Not Just Words – It’s a Cultural Revolution
Your intern, co-worker or employee speaks and writes another language fluently. Can that person translate your materials? They probably can. The real question is can they LOCALIZE your materials?
Translation turns words from one language (the source) into another language (the target). But to localize, Christopher Robin, the translated words must be meaningful to the local culture. Preferably they are meaningful in a way that will shine a positive light on your company.
I am reminded of a story from when I worked in the marketing department of an American Fortune 500 company. The company was releasing a new product and the marketing specialist assigned to tell the world designed an elegant announcement printed on a beautiful cream cardstock outlined with a black border. What that specialist did not know is that in Europe death announcements are outlined with a black border. That marketing missive produced a reaction, but certainly not the one the company wanted. Some of those prospective customers probably forgave the faux pas, but others likely vowed never to buy from such a culturally insensitive company.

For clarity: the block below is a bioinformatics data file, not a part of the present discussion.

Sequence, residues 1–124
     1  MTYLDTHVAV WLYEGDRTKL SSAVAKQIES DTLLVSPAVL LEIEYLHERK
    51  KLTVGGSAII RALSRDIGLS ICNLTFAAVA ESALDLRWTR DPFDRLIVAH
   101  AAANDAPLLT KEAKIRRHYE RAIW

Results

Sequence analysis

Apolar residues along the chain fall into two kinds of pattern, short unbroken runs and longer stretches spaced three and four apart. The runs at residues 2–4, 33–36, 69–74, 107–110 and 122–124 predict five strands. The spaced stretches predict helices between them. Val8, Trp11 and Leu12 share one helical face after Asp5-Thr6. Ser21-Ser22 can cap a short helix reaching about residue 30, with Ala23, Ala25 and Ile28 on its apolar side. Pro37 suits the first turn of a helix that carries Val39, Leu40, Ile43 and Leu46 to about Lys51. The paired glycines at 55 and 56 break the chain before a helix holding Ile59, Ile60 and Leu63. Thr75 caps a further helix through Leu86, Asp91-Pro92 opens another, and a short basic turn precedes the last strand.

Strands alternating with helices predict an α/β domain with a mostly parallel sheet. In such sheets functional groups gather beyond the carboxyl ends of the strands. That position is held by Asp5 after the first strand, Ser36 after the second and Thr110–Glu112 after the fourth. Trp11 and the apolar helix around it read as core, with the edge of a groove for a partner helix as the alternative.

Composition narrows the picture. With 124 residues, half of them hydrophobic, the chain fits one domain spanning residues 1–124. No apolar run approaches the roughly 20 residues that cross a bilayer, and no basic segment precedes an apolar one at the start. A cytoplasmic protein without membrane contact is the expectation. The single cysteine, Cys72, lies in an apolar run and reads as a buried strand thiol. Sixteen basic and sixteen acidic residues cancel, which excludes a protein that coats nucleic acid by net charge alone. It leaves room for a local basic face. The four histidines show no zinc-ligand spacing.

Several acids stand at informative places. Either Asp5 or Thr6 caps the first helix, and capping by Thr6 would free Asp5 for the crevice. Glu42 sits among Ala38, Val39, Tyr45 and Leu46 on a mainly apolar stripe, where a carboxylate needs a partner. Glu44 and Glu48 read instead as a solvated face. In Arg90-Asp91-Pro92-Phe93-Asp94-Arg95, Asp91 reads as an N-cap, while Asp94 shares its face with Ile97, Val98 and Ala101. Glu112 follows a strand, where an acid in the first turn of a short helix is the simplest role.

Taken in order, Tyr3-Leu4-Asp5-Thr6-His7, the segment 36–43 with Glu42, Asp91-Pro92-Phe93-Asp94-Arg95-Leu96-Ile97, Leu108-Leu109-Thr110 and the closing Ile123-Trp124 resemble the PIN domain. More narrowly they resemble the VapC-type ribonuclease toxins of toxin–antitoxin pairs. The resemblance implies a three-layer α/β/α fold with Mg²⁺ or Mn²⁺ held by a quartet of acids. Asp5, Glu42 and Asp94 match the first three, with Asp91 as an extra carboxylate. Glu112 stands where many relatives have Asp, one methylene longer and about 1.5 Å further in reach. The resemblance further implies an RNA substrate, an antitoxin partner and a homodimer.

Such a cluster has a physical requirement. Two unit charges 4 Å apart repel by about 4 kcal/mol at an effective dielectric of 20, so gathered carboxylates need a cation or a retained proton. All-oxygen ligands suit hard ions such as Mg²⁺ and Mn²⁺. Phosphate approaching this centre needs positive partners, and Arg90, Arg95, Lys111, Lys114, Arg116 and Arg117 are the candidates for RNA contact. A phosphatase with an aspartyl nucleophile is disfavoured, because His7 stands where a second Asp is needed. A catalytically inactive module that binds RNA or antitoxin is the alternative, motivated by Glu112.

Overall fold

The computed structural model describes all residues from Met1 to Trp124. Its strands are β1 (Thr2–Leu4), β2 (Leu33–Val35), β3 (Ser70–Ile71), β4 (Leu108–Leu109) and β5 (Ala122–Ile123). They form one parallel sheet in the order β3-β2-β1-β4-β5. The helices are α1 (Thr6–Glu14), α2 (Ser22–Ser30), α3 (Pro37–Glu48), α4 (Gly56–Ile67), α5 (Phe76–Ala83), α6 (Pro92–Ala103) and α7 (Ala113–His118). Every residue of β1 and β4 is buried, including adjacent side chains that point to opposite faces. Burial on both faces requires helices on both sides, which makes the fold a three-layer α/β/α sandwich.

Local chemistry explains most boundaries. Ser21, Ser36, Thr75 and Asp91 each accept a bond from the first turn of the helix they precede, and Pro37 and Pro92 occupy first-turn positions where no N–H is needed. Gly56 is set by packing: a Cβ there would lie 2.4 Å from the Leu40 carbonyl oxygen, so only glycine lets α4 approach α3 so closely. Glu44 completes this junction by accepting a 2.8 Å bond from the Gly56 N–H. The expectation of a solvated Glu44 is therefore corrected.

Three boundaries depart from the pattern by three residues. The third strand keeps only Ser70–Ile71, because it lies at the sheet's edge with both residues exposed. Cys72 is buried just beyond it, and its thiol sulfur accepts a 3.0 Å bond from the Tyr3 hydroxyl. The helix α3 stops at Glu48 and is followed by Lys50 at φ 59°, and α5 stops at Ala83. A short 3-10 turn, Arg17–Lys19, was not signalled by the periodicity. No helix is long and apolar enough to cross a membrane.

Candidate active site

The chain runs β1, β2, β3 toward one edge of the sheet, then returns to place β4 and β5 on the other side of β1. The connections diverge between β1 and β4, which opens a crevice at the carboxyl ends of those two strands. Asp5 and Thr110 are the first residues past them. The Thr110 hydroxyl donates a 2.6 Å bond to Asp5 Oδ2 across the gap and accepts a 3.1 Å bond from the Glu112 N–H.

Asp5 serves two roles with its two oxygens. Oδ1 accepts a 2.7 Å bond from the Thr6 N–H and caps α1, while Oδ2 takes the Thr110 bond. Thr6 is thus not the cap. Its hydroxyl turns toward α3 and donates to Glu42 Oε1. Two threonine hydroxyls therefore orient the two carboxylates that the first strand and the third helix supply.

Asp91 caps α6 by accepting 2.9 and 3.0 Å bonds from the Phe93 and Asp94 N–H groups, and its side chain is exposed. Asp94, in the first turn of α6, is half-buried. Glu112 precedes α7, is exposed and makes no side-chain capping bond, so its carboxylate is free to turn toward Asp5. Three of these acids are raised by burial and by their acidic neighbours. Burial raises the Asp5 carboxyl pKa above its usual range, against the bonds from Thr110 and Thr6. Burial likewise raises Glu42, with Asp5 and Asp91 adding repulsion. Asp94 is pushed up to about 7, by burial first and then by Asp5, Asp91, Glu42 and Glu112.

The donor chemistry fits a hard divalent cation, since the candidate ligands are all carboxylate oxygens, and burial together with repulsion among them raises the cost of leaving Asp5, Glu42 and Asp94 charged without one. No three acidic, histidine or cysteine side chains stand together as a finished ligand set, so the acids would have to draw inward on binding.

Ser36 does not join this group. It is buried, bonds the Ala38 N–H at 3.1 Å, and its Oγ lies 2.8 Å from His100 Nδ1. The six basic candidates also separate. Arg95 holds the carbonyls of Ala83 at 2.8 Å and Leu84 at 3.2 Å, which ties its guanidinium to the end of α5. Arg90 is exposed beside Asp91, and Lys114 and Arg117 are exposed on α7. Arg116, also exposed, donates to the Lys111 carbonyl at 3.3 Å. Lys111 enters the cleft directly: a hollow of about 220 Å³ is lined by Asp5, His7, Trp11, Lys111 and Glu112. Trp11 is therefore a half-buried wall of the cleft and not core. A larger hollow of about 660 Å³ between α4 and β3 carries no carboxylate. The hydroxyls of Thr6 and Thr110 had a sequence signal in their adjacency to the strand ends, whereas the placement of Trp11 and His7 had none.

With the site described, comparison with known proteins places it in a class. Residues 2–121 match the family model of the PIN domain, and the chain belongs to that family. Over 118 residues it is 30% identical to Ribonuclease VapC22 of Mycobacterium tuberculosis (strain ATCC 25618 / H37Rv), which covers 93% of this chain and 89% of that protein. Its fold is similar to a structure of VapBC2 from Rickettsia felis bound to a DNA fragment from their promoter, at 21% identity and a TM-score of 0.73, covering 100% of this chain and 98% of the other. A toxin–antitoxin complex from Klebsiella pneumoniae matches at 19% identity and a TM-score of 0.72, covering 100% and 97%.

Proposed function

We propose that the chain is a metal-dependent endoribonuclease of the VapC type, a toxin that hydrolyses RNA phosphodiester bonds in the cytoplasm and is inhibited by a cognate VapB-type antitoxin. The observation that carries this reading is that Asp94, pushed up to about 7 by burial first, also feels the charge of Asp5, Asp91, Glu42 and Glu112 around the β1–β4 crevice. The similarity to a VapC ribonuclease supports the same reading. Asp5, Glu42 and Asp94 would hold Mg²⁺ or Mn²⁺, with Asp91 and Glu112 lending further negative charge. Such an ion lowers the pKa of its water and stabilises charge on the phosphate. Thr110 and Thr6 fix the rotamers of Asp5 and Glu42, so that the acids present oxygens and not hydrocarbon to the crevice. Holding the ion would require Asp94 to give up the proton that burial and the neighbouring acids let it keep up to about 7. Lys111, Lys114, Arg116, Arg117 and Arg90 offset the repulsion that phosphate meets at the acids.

What is culture? Grab a slice of mom’s apple pie while I tell you. It is the rituals, beliefs, values and social practices that make up the “personality” of a country. Each culture has its own characteristics derived from dialect, music, arts, social habits, cuisine, and folklore. Cultural differences can be subtle and not easily known unless you have been immersed in that society. Uncle Sam wants you to know that whether you are tossing a caber in Scotland, a sausage in Switzerland or participating in Belgium’s bathtub regatta knowing the local nuances can go a long way in making or a breaking communications with your audience.
I’ll leave you with the facts, Ma’am, just the facts. A beauty company marketed a hair product in Germany. The product name included the word “mist.” If they had used a localization company, they would have known that “Mist“ is the German word for “manure.” A different company launched their “Cue” toothpaste in France, unaware of the adult-themed magazine in that country with the same name. Now that puts a new spin on washing your mouth out with soap.
Written by Dawn Lawien